This weeks objective was to get the new front frame completed, which means a lot more in my case then just cutting some steel as described in a book and welding it together. My car is a custom version of the Haynes Roadster. When I did the first version I was thinking I'd preserve all the essential angle and distances of the (Haynes) book design for the front frame. That was when I thought I might use the classic Locost suspension design. Truth be told, I never liked those simple U-brackets welded onto the 16 gauge members. It never really seemed adequate to me in terms of strength and rigidity even though it obviously does work.
In preserving the original book configuration using my larger chassis materials, I ended up with a compromise in the way elements fit together. The edge to edge match-up of the pieces was not as good as I wanted. I felt I could do better, but would have to give up the precise duplication of the book pattern. That's what I decided to do recently because I have decided not to use the book U-brackets.
File comment: New drawing for version 2 front frame.
New-FF-Drawing.jpg [ 113.09 KiB | Viewed 543 times ]
I originally designed the chassis in one software product, but switched to a new one after completing it. That meant starting over with the front frame design rather than modifying the old one and mastering the new software at the same time. The front frame is a very tricky part. It's very clever in a number of ways, but way too complicated, I think. However, I'm too far into the project to start all over again with something completely new. I needed to improve what was there in terms of the fit for my chosen materials. All of this lead to a lot of delays and rework. However, It's done now and I think worth the effort.
File comment: New Front Frame.
Front-Frame-Assembly2.jpg [ 102.91 KiB | Viewed 543 times ]
File comment: Three quarter view. Lots of compound angles to fit.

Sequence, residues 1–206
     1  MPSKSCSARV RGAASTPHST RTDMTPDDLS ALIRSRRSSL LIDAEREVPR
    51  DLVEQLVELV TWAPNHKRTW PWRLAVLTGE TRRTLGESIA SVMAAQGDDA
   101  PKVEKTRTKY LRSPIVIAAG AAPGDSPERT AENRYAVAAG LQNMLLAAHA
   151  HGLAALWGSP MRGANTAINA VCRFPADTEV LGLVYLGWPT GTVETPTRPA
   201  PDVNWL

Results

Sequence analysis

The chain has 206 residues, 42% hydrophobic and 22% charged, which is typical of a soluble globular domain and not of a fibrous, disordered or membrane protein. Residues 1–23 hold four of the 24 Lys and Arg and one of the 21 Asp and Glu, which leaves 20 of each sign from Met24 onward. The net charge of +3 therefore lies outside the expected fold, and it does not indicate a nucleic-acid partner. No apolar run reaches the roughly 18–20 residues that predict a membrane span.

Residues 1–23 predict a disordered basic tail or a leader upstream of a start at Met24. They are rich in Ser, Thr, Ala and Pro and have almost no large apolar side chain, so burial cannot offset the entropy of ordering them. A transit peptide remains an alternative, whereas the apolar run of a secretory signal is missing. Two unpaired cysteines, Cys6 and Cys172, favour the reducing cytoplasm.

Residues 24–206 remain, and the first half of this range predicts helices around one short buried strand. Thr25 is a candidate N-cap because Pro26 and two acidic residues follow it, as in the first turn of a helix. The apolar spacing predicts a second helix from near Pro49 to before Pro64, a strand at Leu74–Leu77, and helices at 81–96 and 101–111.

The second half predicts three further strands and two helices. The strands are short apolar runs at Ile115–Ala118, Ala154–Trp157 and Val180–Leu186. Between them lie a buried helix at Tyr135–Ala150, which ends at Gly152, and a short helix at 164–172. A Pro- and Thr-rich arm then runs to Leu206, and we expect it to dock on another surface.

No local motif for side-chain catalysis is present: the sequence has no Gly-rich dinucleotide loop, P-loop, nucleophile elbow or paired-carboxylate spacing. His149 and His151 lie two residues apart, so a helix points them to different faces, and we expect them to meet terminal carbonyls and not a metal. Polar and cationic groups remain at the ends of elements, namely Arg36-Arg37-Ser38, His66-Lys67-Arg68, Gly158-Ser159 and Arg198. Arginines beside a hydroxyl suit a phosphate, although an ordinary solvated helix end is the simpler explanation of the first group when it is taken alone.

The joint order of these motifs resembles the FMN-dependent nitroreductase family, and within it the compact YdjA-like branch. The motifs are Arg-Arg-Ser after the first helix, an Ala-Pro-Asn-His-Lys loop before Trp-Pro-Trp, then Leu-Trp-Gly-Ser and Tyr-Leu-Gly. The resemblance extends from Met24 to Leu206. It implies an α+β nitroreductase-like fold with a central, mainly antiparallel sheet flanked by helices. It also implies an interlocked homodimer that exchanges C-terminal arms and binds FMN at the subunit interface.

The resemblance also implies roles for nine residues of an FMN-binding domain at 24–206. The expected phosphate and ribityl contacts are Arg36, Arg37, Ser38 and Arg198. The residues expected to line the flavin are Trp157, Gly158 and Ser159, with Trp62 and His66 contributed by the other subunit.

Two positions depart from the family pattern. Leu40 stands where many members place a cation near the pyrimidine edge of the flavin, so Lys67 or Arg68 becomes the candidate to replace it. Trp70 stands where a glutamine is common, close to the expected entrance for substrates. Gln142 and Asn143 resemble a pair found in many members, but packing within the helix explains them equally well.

Front-Frame-Assembly.jpg [ 77.38 KiB | Viewed 543 times ]
I was able to salvage the original jig I built way back in the wooden mock-up phase. It was tricky to build some blocks that positioned it precisely. I made trial pieces in wood first using my compound miter saw, so I would not waste steel. That revealed that I needed to shim up the top most piece and a little paper and blue painter's tape provided the final adjustment needed on the jig.
File comment: Basic pieces in reworked jig.
FF-Basic-Pieces.jpg [ 114.89 KiB | Viewed 543 times ]
File comment: Working out a precise fit and final jig adjustments using wood mock-ups
FF-Tricky-Bits.jpg [ 85.61 KiB | Viewed 543 times ]
File comment: Excellent final fit-up in steel.
FF-Rework-Objective.jpg [ 72.17 KiB | Viewed 543 times ]
That extra step gave me an excellent fit-up in the steel parts. The pieces at bottom actually fit to FF1 very well. The radiused edge of the bottom FF1 member, and this camera angle, make it look like a larger gap than it really is in real life. There is a fraction of a MM overhang on the backside due to the compound angles and keeping the front edge as flush to FF1 as possible. I just built up a little ledge of weld material to make sure it is well supported.
The cross braces are 3/4”, 16 gauge tube reinforce the area of the front suspension pickups. They're just tacked in place at the moment. I want to do a little more practice welding of thin, round tubes to thicker RHS before doing the final welds.
These kinds of things are an additional factor in my slow progress. First I have to design it, then I have to build it and often I need to master some practical fabrication process before I can complete it 100%. However, I'm not complaining. I've set this task for myself and am really enjoying the challenge of it all. I've also set a high standard for accuracy too, which I'm doing pretty well with. This piece is also my first fit-up of tubing and it went very well with my final result being within 0.1 degree of the drawing specification. Given the subtle. compound angles involved here, I'm quite proud of that.